Coldplay Announces They Won’t Tour Until They Can Make it Sustainable
"All of us have to work out the best way of doing our job,” says lead singer Chris Martin.
Coldplay has delivered some stellar performances over the course of their 20-plus years together – like when they played in Toronto on the 2017 Head Full of Dreams Tour, where guests wore light-up wristbands in the open-dome Rogers Centre on a balmy summer night. However we may not get to repeat that epic night anytime soon as the band is putting touring on hold for a while. Ahead of the release of their new album, Everyday Life, tomorrow, Coldplay has announced they will not immediately be touring. Their reasoning? The negative impact concerts have on the environment.
The British rock band’s lead singer Chris Martin told BBC News that the band wants their future tours to have a positive impact. “We’re taking time over the next year or two, to work out how our tour can not only be sustainable, [but] how can it be actively beneficial.”
Concerts and music festivals alike generate a lot of waste. From the carbon emissions produced by transporting equipment and musicians, to the mass amount of single-use plastic water bottles, cups and straws discarded by fans, they are basically an environmental nightmare. A UK-based report on the music industry’s environmental impact suggests that live music in the UK alone fosters 405,000 tonnes of greenhouse-gas emissions each year.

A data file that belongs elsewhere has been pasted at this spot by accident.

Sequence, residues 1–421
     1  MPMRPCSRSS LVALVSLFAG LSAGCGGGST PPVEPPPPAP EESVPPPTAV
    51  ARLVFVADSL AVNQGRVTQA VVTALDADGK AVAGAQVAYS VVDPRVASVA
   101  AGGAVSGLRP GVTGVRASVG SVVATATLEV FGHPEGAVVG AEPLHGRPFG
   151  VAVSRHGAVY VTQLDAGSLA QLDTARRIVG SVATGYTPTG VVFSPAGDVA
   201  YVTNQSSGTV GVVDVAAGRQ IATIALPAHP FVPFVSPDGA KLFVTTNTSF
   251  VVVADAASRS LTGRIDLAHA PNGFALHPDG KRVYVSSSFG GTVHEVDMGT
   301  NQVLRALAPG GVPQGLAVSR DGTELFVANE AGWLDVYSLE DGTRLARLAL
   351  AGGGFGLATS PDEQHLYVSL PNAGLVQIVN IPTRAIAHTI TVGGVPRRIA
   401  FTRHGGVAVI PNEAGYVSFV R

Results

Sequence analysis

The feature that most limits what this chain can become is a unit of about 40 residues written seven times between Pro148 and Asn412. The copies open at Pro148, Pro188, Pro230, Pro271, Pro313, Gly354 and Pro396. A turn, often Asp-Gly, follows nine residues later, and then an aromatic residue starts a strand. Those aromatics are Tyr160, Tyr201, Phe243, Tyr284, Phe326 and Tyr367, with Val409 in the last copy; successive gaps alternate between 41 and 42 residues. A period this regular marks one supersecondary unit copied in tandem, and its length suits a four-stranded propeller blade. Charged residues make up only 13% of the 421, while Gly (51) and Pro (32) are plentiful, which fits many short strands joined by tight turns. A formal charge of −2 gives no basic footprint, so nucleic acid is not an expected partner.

“All of us have to work out the best way of doing our job,” Martin continued, nodding to the fact that artists carry a responsibility to share their music with the world in a way that isn’t destructive. The band has done many big tours in its two decades, and are now looking to “turn it around so it’s not so much taking as giving.”
This isn’t a new topic of discussion. The concern of music events’ impact on the environment has been addressed in the past by other artists such as Billie Eilish, the 1975 and Shawn Mendes. In fact, Mendes is working on making his 2019 North American tour more sustainable by swapping plastic water bottles with boxed water, offsetting carbon emissions, properly handling waste and more. Coldplay’s “dream” plan of action is using solar power and excluding single-use plastic at show venues to lessen environmental impact but as with any artist going on tour, their biggest challenge will be the carbon footprint produced from flying to each tour location.
But all this doesn’t mean they won’t perform in some capacity – tomorrow, when the album is released, Coldplay will perform their new songs at two shows in Amman, Jordan. To make it special, they have timed one show at sunrise and the other at sunset. This show will be streamed live on YouTube for all fans to enjoy. A second show in London, the band’s place of origin, will donate all proceeds to an environmental charity.